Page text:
While packing lighter and choosing comfortable footwear helped, the biggest improvement was through my strength training and stretches, which aided in the correction of the actual problem.
What’s been the biggest help for your back problems? Comment below!
For more travel fitness tips, please read:
- 3 Quick and Efficient Hotel Room Workout Routines
- 5 Smartphone Apps for Travel Fitness
- How to Stay Active While Traveling
- Fast Workouts for Travelers
LIKED THIS POST? PIN THIS PIC TO SAVE IT!
I have osteoarthritis in my back and hips as well as spinal stenosis and a number of years ago I fell in a concrete floor where I suffered a hairline fracture . I have always worked out with weights and walked four miles a day now I can’t even walk a mile sadly . I have learned how to pack lighter thanks to this site since I have to carry my luggage up and down stairs I live in the second floor and no elevator . Any one have any suggestions for canes or walking sticks to help with my hip issue . I have to be in a wheel chair if the gates are too far to walk. Thanks
I am so sorry to hear that Donna ? But we are really glad that we have been able to help you with packing light.
To get the best advice, we would highly recommend that you join our TFG facebook group and post your questions there: https://www.facebook.com/groups/travelfashiongirls/ Its a fabulous community of helpful female travelers that love to share their advice and recommendations.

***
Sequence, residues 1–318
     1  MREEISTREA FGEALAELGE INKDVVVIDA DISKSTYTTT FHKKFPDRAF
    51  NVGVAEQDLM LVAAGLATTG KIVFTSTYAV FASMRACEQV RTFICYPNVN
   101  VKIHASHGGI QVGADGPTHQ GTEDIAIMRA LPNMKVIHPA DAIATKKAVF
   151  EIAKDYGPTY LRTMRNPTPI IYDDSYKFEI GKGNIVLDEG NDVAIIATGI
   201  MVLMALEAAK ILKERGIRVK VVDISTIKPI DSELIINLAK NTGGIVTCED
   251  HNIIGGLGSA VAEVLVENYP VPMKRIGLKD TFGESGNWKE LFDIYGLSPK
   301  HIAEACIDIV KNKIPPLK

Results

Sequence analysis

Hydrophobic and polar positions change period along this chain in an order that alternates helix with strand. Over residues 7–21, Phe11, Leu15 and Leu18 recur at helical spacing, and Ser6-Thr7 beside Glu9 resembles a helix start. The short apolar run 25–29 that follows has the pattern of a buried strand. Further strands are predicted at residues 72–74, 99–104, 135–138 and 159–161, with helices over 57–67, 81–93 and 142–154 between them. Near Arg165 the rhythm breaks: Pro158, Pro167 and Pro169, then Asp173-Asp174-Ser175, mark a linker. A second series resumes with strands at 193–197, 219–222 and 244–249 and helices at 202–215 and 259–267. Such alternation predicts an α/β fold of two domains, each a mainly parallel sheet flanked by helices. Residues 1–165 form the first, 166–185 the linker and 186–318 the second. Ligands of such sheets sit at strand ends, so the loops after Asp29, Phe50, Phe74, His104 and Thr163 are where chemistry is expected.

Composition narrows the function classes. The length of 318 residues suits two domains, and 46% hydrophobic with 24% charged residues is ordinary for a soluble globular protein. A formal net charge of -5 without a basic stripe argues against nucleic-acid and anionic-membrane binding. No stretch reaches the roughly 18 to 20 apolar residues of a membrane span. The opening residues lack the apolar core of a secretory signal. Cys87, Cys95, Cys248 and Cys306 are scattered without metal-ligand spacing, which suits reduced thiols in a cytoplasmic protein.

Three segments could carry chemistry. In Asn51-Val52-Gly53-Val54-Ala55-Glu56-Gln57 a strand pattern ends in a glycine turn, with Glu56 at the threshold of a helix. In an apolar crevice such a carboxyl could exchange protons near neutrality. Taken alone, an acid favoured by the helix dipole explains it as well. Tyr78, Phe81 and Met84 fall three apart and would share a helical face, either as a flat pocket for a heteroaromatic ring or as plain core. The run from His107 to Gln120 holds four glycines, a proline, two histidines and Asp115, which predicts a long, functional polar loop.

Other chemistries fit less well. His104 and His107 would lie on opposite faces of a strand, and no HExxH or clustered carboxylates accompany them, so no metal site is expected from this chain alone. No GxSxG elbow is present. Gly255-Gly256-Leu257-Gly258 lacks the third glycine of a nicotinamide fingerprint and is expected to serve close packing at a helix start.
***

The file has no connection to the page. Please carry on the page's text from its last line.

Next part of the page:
Hope this helps.
How do I pack to go to the Holy Land? In March.
Hi Amy, thank you for reaching out! Have a look at this helpful guide for help with packing for the Holy Land: https://www.travelfashiongirl.com/what-to-wear-in-israel/
To get the best advice with your question, I would highly recommend that you join our TFG facebook group and post your packing question there: https://www.facebook.com/groups/travelfashiongirls/ Its a fabulous community of helpful female travelers that love to share their advice and feedback. Have an amazing time! ?
I would never have guessed you had any back problems! I have begun to slouch quite a lot, and yes, there are fractures still, in L3 and L4. I have tried many things, but never a “ personal” trainer, and have no idea if there are any nearby. My approach right now is to
get as light as possible. My bag is under
3 pounds, so next trip’s goal is to get down to 15 lbs max. Last trip was at 25!